People, I suspect, genuinely fear the CSA as successive governments overreacting to negative press, media hysteria and poorly reasoned panic about parental responsibility swayed policy makers to ever more draconian measures to obtain the collection of money at all costs whilst ignoring the painful impact of this on UK families. UK Families are now messy things and all the CSA seems to achieve is moving money from stable albeit dysfunctional family units to impoverished family units thereby doubling the number of impoverished families.
    This means the CSA creates a defeated and impoverished constituency around them with little or no appetite for a fight and much less one that will require a financial commitment. This is why a class action struggles to get off the ground even though it is an excellent idea.

    There is a MOUNTAIN of evidence about the malfeasance of the CSA and their ability to defend themselves on points of law and procedural fairness and efficacy is non existent and under the auspices of a an independent court would see them thrown into jail.

    What is needed is a Law firm with deep pockets to take them to task once and for all with a class action, probably in the European Court of Human Rights, to expose this loathsome agency for what they are.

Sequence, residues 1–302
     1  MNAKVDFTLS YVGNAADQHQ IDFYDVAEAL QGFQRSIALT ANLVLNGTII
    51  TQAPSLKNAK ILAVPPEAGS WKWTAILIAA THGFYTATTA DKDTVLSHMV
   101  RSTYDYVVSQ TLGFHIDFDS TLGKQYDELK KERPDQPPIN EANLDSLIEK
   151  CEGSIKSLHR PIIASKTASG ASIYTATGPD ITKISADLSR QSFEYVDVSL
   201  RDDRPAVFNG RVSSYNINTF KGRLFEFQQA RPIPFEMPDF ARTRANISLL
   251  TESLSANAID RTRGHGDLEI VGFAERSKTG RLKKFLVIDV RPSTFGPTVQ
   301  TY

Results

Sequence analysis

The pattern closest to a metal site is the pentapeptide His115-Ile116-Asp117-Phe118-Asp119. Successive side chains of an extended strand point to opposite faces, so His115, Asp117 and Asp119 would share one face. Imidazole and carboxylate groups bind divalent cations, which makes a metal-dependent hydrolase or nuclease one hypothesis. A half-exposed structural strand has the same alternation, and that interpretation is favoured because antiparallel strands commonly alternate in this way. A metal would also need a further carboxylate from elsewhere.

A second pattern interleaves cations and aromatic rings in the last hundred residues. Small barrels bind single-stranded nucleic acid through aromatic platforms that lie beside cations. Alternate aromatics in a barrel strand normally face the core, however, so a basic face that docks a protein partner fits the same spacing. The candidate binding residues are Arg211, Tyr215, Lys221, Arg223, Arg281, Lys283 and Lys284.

• Terry says:

    I have spoken to solicitors and most say that they would not touch the CSA with a barge poll. That is on single cases. A few have said the best course of action would be a class action against them.

  • rach says:

    class action is great idea my husband would be up for it! however to get it to the european courts i think we would have to go though all the court processes in the uk which would prove costly but we have sat on our arses whinging for too long about this organisation something MUST be done they are NOT above the law its just they leave you with so little money knowing that no one could afford to take them all the way!

  • Dave says:

    I have absolutely no sympathy for any parent (male or female) that does not pay CSA or regular money by arrangement for their children. When you have children, they must come first – regardless of any parent’s personal financial circumstances.

    Where do you people get off coming to this site to whine about paying a fair contribution to the keep of your children by the primary carer? Children are expensive and it can cost hundreds of pounds a month to maintain them and get all the little things they need.